It was sweet, grassy, vegetal,seaweed, good umami. I found seaweed was strong but not overly so like in some gyokuro’s . Definitely stronger than a sencha. It was a beautiful emerald green in the cup. I got 3 infusions from it and I think I could have got a bit more at the time but was too busy. I would consider ordering more of this.
Flavors: Cut grass, Seaweed, Umami, Vegetal
From Cameron B in a swap!
Brewed with a shudei kyusu. 1st infusion: 160 degrees, 45 seconds. 2nd and 3rd: 170, 30 seconds.
I love the color of the wet leaf – such a deep yet vibrant green! This gyokuro has a citrusy dry aroma. The wet aroma smells of the spinach, almost sugary. The liquor is bright green, full-bodied, thick-textured, and very sweet. The first and third infusions are buttery with a spinach note, and the second tastes more like squash with the slightest hint of bitterness (the good kind).
A good quality gyokuro, but it’s too sweet for me. Thanks for giving me a chance to try it, Cameron B!
This is my second free “press” sample from Yunomi.us last month (I just got an email telling me that my free samples for this month shipped, yay). I’m just going to say it, I don’t have much experience with gyokuro and the last one I tried was a bit too much for me. But onward we go, for science! The leaves of this tea are quite thin and lightweight, and almost needle-like in shape. Their color is a rich jewel-tone evergreen. Dry scent is strongly sweet and vegetal, and almost fruity (pineapple?). I steeped a level teaspoon at 160 degrees for 2 minutes.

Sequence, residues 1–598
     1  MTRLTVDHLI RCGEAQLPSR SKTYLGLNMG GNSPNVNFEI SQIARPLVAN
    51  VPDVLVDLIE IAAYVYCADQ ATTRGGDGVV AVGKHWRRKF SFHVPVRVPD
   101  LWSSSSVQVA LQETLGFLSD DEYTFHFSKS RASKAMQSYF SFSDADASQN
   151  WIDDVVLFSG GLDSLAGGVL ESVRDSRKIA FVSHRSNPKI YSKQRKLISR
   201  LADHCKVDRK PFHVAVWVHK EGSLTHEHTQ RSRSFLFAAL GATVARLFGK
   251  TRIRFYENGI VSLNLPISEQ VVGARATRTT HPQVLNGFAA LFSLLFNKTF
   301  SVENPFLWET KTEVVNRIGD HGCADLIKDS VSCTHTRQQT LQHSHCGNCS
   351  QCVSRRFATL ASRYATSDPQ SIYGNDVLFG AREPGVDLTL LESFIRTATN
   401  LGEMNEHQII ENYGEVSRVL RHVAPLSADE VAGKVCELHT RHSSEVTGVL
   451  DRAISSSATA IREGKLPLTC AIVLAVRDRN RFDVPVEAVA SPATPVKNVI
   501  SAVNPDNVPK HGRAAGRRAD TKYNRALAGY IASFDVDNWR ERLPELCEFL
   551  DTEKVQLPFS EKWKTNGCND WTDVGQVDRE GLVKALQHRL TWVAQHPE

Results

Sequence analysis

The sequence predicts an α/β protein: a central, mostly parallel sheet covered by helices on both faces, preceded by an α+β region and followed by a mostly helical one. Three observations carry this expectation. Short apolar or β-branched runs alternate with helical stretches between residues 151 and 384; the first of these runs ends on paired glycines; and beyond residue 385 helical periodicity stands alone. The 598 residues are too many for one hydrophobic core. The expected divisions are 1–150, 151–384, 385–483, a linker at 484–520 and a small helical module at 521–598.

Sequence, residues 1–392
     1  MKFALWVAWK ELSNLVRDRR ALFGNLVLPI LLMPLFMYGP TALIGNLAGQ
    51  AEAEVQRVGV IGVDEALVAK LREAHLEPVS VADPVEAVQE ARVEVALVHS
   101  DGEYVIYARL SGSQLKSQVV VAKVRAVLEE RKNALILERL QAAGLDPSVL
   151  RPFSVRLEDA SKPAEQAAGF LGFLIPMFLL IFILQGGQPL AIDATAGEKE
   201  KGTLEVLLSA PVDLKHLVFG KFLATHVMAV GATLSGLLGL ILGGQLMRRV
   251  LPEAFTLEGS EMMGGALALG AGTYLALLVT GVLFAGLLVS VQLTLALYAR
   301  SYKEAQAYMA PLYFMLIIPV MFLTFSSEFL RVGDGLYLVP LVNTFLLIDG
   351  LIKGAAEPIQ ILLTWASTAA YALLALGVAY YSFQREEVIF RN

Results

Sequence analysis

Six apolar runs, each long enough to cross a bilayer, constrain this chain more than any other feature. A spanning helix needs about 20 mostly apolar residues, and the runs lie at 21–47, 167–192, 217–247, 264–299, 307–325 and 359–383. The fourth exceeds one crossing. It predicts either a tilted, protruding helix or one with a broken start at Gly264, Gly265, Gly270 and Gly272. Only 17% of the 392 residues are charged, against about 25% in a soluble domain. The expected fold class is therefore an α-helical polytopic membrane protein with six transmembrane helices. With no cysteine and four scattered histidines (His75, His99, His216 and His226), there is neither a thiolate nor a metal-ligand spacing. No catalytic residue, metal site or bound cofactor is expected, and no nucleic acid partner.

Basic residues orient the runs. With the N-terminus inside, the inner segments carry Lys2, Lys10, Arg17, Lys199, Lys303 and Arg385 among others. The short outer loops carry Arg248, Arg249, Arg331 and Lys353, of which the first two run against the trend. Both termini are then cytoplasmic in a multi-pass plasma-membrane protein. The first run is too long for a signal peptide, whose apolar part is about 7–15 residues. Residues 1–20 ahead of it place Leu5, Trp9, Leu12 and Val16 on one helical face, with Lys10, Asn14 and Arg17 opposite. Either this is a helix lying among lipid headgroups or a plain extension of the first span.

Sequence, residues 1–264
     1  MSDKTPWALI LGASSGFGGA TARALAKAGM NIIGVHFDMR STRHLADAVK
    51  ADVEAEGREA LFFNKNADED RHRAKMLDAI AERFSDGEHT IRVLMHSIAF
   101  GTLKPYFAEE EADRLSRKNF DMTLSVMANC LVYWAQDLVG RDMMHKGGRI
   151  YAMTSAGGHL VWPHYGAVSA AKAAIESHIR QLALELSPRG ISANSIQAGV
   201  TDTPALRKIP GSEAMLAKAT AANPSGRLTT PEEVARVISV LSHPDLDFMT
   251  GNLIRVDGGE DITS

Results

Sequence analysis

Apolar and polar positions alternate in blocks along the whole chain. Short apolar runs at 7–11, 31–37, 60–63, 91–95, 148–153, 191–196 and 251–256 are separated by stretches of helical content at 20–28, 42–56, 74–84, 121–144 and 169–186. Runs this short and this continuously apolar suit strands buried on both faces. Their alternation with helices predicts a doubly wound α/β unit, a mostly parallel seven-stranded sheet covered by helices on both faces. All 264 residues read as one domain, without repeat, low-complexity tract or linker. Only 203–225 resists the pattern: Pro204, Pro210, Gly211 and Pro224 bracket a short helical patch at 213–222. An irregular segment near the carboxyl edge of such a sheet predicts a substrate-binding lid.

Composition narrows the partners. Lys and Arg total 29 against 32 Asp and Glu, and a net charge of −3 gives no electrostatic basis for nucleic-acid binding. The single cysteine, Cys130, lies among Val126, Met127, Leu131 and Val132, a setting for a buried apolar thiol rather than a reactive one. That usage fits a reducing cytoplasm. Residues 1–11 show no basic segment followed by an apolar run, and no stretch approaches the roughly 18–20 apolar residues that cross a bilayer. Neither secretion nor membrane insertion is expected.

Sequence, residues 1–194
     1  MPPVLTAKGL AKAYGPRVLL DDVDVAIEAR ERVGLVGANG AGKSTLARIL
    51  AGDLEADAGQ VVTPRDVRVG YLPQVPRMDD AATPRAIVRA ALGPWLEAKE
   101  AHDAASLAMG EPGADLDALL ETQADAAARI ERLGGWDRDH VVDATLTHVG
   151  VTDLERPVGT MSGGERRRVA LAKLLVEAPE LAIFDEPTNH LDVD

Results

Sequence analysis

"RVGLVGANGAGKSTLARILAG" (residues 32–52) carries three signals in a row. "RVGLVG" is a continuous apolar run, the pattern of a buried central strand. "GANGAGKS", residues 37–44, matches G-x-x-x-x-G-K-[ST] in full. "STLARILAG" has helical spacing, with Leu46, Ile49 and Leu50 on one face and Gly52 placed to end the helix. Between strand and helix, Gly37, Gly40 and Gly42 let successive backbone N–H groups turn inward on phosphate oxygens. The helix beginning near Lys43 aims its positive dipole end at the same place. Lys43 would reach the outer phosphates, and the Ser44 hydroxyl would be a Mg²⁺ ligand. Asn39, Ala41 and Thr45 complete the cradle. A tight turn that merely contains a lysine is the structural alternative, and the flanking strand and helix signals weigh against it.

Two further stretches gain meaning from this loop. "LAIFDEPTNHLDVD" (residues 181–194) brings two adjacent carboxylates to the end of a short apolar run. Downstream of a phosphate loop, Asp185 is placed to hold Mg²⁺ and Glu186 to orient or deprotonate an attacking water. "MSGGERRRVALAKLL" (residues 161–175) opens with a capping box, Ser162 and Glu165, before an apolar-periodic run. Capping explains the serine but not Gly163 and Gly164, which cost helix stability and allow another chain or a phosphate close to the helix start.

Once steeped, the tea has a strong and intense vegetal aroma, with a lovely mixture of sweet and savory tones and a touch of seaweed. Oh wow, I was blown away at first sip! This tea is so amazingly sweet and smooth, and super creamy in texture. Drinking this reminds me of eating a nice hearty, thick soup. The vegetal flavor is deep and luscious, and a mixture of mild steamed greens and silky butternut squash or sweet potato puree. There’s also a lovely rich nutty flavor here, definitely with a touch of roast. It’s a decadent nut, like macadamia or cashew. So delicious and satisfying!
Flavors: Butternut Squash, Creamy, Nuts, Roasted nuts, Smooth, Spinach, Sweet, Sweet Potatoes, Thick
Finally prepared this correctly. Nicely sweet, robust, and vegetal.
Then I ate it… with teriyaki sauce…
This is super super green and I adore the leaves – they almost look like the greenest grass clippings. And this tastes super duper green. The second infusion was better than the first, which I accidently let steep longer than I wanted so it was really intense. The secondary steep had some citrussy taste to it as well. I enjoyed this very much.